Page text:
Is Facebook a neutral platform or a publisher?
The company, this week, invoked its rights as a publisher while defending the suspension of conservative political activist and conspiracy theorist Laura Loomer's account.
“Under well-established law, neither Facebook nor any other publisher can be liable for failing to publish someone else’s message,” Facebook’s response to Loomer’s defamation suit says.
Although being a publisher would allow Facebook to restrict opinions that it considers unacceptable, it also leaves open the possibility of it being sued for what its users post.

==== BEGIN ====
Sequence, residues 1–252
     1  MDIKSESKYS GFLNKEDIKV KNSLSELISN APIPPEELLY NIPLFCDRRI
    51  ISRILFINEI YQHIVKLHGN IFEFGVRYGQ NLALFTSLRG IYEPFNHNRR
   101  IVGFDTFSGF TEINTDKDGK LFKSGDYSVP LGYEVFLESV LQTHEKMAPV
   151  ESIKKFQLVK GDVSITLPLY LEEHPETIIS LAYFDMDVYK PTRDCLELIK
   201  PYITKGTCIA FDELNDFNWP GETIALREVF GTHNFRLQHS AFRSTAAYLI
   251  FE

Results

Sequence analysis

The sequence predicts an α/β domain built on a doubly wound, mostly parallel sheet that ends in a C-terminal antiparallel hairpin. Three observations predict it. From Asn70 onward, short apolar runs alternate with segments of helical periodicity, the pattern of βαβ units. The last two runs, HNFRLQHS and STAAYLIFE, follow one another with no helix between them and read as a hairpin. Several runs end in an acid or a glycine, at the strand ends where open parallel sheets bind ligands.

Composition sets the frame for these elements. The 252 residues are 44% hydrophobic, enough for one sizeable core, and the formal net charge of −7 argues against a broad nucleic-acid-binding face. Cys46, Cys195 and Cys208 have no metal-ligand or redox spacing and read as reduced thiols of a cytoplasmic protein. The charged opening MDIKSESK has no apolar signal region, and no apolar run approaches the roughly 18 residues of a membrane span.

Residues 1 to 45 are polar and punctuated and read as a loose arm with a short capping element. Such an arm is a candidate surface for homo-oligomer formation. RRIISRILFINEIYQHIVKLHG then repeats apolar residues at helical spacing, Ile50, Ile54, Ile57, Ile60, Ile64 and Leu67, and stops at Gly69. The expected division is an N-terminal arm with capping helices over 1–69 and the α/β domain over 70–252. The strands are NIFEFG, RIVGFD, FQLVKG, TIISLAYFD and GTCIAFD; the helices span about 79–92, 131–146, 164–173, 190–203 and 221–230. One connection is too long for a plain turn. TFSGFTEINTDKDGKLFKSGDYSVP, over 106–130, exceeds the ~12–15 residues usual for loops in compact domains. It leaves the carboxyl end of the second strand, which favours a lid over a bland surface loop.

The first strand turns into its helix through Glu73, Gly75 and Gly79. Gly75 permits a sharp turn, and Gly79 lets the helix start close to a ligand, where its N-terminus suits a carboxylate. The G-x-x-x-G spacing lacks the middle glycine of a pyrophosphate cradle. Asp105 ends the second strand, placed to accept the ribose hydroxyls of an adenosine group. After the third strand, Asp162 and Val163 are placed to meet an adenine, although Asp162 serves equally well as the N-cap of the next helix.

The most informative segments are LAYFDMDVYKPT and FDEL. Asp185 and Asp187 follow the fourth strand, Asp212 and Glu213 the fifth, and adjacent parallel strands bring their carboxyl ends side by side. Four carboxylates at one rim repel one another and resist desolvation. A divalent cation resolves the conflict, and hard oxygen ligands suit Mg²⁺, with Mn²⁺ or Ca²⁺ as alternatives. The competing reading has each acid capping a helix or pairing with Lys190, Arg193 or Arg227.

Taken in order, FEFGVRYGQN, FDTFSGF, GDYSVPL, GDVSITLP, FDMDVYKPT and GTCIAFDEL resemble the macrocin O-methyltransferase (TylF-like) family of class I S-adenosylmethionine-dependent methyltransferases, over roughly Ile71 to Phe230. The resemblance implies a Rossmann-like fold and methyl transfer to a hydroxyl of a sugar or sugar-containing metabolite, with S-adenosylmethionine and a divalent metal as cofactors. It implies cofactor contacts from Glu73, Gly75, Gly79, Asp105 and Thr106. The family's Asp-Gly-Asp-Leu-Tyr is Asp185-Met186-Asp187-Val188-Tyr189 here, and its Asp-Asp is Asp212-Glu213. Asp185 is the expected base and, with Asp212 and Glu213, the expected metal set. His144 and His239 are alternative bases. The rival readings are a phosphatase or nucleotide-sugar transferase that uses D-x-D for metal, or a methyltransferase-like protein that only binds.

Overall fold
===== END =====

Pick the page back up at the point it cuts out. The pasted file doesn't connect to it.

As a social media platform, Facebook, like Twitter, is presently shielded by Section 230 of the US Communications Decency Act from liabilities arising out of contents generated by its users
“Whatever they say – platform or publisher – their words will haunt them legally from now on,” a legal expert told RT.
It’s not the first time Facebook is identifying itself as a publisher. Last year, in a California courtroom, the tech giant's attorneys argued that “Facebook is a publisher and a company that makes editorial decisions,” according to the Guardian.
“The publisher discretion is a free speech right irrespective of what technological means is used. A newspaper has a publisher function whether they are doing it on their website, in a printed copy or through the news alerts,” a lawyer representing the company said back then.